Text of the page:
January 3, 2012
Is there a "growing gulf between the Supreme Court justices and the rank-and-file federal judges"?
The question in the title of this post is prompted by the subheading of this provocative new commentary by Andrew Cohen in The Atlantic. (Hat Tip: How Appealing) The piece's main headline is "A Federal Judge Responds Defiantly to Chief Justice Roberts"; it includes a reprinting of a sharp note authored by a federal court judge in reponse to the Chief Justice's recent report on the federal judiciary (noted here). The whole piece is a must-read for all federal court watchers, and here is a some of what Cohen adds to the discussion:
On Sunday, I wrote this piece criticizing United States Supreme Court Chief Justice John Roberts for his mealy-mouthed annual report on the judiciary. The chief justice copped out, I believe, by failing to even mention the fact that lower-court federal judges all over the country are sorely understaffed (because of Republican intransigence in the Senate) and under unwarranted, and sometimes just plain crazy, political attack from conservative politicians.
I also found it odd, though I didn't mention it Sunday, that the chief justice did not mention the late John M. Roll, the Chief District Judge of Arizona, who was shot and killed in Tucson last January -- literally in the line of duty -- in the attack on Rep. Gabrielle Giffords. Judge Roll was in line to talk to Rep. Giffords at the supermarket that day to discuss the "judicial emergency" in Arizona caused by too few federal judges trying to handle too many cases.
Instead, the Chief Justice devoted almost his entire 16-page message to defending the Court's recusal practices, which are not nearly as codified or transparent as they ought to be. I didn't analyze the merits of the chief justice's recusal argument because I think it's a dead-end issue. The justices are going to continue to play by their own recusal rules for the same reason they will continue to preclude cameras in their courtroom -- because they can....
There is always an inherent gulf between the justices, who hear a tiny fraction of all cases that come before them, and the rank-and-file federal judges who decide the merits of tens of thousands of cases each year. But that gulf is wider today in the wake of the chief justice's remarks. Amid the clamor over judicial independence, and with scores of judicial nominations left pending to the detriment of litigants everywhere, John Roberts decided that now was the time to devote virtually his entire annual message to an explanation of why the Supreme Court is different from the rest of the federal judiciary when it comes to recusal matters.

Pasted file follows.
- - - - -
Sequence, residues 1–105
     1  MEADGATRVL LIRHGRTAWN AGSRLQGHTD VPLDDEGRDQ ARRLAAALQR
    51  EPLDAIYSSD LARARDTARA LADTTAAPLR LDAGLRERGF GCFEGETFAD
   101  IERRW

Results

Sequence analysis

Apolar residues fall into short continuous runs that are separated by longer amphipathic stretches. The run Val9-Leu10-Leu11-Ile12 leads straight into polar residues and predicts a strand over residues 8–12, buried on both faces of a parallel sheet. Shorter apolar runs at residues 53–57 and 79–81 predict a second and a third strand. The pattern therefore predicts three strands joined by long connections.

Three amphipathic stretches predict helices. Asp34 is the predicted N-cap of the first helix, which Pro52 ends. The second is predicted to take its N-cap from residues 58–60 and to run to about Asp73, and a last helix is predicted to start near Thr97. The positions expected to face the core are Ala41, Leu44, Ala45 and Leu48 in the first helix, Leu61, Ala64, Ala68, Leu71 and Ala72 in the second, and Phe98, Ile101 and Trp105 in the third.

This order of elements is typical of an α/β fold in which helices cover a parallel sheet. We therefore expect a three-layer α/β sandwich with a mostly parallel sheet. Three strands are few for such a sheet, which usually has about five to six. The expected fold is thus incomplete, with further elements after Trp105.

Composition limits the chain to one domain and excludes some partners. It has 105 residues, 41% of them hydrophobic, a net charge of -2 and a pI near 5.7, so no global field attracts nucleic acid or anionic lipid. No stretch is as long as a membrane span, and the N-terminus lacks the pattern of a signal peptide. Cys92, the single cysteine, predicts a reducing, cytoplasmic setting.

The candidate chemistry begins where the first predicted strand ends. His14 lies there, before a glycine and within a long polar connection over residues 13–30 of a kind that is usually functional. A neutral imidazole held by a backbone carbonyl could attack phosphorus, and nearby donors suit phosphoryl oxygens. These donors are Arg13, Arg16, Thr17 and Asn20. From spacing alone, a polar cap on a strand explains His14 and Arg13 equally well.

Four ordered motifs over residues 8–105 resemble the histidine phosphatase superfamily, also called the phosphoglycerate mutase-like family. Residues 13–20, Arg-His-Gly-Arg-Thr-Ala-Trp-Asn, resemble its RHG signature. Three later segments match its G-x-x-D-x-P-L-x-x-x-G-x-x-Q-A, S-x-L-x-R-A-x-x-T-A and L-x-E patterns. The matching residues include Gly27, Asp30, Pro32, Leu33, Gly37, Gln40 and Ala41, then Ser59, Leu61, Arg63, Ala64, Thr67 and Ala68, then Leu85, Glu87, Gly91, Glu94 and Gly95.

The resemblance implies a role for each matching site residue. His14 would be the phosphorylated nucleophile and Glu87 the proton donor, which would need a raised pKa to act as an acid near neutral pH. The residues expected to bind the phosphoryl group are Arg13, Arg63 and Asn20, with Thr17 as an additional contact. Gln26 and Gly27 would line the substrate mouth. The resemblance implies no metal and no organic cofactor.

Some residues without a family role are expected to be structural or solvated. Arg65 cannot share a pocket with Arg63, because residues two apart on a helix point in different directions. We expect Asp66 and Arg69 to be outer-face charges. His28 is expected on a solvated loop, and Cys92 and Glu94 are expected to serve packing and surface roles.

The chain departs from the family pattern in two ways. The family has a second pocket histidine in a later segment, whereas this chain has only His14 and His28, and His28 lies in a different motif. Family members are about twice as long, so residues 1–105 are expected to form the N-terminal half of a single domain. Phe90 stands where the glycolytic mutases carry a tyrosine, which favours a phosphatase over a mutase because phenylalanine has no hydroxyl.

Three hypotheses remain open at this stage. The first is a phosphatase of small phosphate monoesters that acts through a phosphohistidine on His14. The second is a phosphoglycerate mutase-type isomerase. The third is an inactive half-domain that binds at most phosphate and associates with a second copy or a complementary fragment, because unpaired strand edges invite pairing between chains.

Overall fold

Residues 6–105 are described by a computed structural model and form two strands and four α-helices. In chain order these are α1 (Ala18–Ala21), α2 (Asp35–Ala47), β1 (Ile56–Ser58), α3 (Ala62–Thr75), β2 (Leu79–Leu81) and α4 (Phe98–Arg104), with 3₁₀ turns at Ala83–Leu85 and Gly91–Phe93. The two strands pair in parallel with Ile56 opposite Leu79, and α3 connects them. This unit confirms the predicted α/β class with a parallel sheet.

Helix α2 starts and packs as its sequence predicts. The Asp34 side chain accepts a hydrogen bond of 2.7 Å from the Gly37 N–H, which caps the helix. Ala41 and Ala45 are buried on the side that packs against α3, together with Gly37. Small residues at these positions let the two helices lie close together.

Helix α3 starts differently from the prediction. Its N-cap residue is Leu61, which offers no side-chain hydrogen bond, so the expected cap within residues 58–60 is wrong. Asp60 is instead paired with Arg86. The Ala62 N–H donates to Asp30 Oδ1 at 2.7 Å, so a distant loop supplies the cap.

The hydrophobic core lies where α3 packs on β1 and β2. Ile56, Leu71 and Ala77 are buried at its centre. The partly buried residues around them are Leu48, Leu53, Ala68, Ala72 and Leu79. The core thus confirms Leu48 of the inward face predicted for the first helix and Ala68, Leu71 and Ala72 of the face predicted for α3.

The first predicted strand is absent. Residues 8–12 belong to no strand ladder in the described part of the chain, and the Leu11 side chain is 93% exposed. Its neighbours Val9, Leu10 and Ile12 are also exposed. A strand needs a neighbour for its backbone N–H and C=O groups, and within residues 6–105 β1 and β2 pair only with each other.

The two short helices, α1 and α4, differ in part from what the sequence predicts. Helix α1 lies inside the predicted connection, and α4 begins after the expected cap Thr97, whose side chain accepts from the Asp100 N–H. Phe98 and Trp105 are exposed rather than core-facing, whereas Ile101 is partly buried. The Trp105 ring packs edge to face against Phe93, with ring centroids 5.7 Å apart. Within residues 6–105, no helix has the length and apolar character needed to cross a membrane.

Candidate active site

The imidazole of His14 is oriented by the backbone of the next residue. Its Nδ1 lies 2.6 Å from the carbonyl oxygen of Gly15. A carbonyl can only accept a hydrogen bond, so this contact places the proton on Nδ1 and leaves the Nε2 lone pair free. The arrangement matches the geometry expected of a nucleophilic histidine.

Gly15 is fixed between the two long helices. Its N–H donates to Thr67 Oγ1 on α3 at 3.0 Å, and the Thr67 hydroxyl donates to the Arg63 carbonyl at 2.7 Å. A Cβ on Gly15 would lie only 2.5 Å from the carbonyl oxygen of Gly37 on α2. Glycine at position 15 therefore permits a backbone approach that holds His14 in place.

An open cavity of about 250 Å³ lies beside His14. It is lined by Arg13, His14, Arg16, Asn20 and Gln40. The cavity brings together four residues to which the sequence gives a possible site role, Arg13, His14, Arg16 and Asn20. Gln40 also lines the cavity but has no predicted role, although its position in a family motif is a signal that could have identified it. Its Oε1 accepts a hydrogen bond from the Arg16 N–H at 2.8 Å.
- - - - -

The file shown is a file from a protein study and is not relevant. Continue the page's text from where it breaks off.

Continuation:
That's not leadership. That's trying to cover your butt. No wonder some federal judges are angry during these days of overloaded dockets and threats of judicial subpoenas. I would be, too, if the chief justice who was supposed to be speaking for me was instead reminding me how different the Supreme Court is from the rest of the judiciary.
January 3, 2012 at 04:59 PM | Permalink
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Perhaps Federal judges would get more respect if they didn't decide that they were the appointed managers of prison systems, the deciders on the level of free medical care a State gives to the indigent, and a myriad of other issues. Federal judges have so much work because they want a kritarchy. Perhaps they enjoy the power that comes with their dictatorship, but not the work load. They made their own bed, no lie in it.
Posted by: Federale | Jan 3, 2012 5:34:24 PM
I didn't think the quoted remarks attributed to an anonymous judge were particularly intemperate (much less "defiant") when compared to Mr. Cohen's own remarks in your block quote, but I wonder whether it is desirable for the judge's identity (assuming he or she really exists and is being quoted accurately) to be hidden from view. He or she has life tenure and can't be fired, demoted, or transferred to Antarctica by the Chief Justice. Judges who have interesting, insightful, and perhaps controversial things to say about the operations of the judiciary should perhaps be willing to have their names publicly attached to them if they want their views out there as part of public discourse. Anonymous grousing to journalists as if they were low-level government bureaucrat trying to make their bosses look bad without being retaliated against does not strike me as the sort of behavior that promotes confidence in the judiciary.